As we recently warned, tornadoes can strike without warning: Now a huge tornado has hit Springfield, Massachusetts. Sacramento, California has been hit too. Why can’t we forecast these terrible storms so that people can take shelter? There have been plenty of tornadoes this year, but for 60 years, 1953 was the deadliest tornado year on record. Now that record of 519 fatalities has finally been beaten by more than 520 recorded so far this year. In 1953, a Nebraska family was calmly eating supper one minute, then the next minute all 10 of them were dead. In the May 31st edition of the New York Times, Guy Gugliotta quotes one of the family’s neighbors, Joy Lutz, as saying, "There was a roar like hundreds of airplanes, then an explosion." Then came a second explosion, "louder and longer than the first." Their house was flattened, but their neighbors’ home had disappeared.
Tornado forecasting has improved over the years, researchers say and fatalities have declined steadily for 100 years, but many of the circumstances that were beyond science in 1953 are still beyond science today. So far, 2011 has had many more tornadoes than other recent years. Is this due to climate change? Historian Thomas Grazulis thinks it’s a coincidence. In the Times, Gugliotta quotes him as saying that a tornado "could easily hit nothing but empty farmland." He quotes meteorologist Harold Brooks as saying about the tornado that hit Joplin, Mo., this month, "Move the Joplin tornado five miles to the south or to the north, and our death toll is maybe 10 or 15–not more than 100. As much as we think we have control, that’s not the way the world is." Forecasting has gotten much more sophisticated, but that doesn’t necessarily save lives. Gugliotta quotes Grazulis as saying, "So it’s the first year of forecasting, we’re going to save lives, and we have the biggest death toll in history."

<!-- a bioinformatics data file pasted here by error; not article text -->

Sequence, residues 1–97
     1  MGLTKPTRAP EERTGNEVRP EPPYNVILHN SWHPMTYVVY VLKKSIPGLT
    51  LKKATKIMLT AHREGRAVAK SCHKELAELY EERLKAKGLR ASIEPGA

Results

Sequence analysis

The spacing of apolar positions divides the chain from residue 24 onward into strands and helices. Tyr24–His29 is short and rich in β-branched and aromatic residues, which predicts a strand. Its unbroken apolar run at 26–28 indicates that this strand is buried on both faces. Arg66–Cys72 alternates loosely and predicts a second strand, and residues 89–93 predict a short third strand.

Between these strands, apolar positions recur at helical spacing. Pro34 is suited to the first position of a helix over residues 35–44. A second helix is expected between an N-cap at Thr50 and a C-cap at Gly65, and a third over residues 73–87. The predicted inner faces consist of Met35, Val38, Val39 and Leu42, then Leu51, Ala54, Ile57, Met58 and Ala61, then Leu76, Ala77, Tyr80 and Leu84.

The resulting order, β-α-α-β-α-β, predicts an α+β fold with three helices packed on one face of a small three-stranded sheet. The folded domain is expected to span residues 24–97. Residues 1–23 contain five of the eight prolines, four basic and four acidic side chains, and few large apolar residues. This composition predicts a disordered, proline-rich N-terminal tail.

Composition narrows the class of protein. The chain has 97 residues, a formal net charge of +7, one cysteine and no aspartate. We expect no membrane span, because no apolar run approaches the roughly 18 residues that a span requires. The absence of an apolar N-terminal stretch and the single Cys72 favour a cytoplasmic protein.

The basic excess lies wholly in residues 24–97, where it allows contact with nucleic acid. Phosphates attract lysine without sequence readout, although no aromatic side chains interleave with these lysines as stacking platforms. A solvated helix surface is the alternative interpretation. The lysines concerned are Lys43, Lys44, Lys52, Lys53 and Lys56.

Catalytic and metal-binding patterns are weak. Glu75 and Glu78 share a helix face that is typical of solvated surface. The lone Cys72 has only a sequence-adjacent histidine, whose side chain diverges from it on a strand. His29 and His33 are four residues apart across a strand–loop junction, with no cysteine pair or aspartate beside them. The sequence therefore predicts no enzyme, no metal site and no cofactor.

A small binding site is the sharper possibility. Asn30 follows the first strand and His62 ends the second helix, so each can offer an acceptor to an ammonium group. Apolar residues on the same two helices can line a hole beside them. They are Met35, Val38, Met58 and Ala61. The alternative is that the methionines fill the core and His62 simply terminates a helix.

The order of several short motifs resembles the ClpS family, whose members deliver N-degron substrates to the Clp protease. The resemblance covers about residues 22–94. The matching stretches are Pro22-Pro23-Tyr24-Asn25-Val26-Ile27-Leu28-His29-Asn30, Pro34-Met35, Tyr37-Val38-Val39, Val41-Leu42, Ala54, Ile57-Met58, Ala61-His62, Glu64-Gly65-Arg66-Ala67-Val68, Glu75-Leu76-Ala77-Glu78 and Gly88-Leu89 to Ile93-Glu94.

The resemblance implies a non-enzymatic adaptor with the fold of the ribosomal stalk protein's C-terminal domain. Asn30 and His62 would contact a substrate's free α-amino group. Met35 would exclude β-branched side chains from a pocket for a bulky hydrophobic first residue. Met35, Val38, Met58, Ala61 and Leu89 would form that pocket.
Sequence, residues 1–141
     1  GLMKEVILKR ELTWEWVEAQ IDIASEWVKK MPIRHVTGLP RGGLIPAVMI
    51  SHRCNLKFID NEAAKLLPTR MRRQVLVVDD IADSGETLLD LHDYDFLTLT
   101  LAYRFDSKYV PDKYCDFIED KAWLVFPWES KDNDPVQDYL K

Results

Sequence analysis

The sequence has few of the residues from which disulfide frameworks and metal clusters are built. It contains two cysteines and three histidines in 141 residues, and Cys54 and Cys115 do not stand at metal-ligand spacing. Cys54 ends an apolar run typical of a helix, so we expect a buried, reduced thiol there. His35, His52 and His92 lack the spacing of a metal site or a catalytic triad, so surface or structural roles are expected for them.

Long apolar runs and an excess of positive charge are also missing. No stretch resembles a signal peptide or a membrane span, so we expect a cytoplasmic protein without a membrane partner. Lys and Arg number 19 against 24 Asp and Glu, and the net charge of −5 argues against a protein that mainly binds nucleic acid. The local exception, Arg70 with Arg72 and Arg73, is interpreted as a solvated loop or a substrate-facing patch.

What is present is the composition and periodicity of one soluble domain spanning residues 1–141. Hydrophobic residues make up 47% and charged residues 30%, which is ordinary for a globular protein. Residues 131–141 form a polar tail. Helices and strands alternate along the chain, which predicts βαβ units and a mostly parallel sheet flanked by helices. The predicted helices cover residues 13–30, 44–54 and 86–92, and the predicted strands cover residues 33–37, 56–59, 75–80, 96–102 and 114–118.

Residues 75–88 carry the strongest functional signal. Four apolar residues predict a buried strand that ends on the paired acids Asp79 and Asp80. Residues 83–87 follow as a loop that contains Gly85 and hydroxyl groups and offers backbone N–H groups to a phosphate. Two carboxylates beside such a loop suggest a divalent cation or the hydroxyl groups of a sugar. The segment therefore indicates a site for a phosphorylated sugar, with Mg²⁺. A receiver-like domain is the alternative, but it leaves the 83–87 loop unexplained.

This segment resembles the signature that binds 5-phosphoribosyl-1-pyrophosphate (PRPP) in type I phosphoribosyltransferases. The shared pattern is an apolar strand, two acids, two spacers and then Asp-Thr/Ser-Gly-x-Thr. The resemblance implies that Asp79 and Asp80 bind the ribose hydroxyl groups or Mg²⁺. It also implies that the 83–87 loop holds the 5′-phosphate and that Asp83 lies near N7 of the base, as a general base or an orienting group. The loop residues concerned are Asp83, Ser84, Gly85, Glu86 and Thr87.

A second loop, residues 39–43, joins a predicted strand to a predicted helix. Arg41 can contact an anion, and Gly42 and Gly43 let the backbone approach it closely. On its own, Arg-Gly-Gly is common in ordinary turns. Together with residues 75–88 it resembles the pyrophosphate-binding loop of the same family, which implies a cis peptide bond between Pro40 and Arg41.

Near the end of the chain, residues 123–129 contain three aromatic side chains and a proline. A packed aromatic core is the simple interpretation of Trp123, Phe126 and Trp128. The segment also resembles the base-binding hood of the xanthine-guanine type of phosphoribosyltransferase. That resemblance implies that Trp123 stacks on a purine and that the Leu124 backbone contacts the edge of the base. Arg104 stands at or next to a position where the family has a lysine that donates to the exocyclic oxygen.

In 1998, Whitley Strieber had never heard of climate change, but the Master of the Key burst into his hotel room in Toronto and told him all about it (The new, UNCENSORED edition of The Key, with a foreword that talks about how many of his statements later turned out to be true, is in bookstores NOW).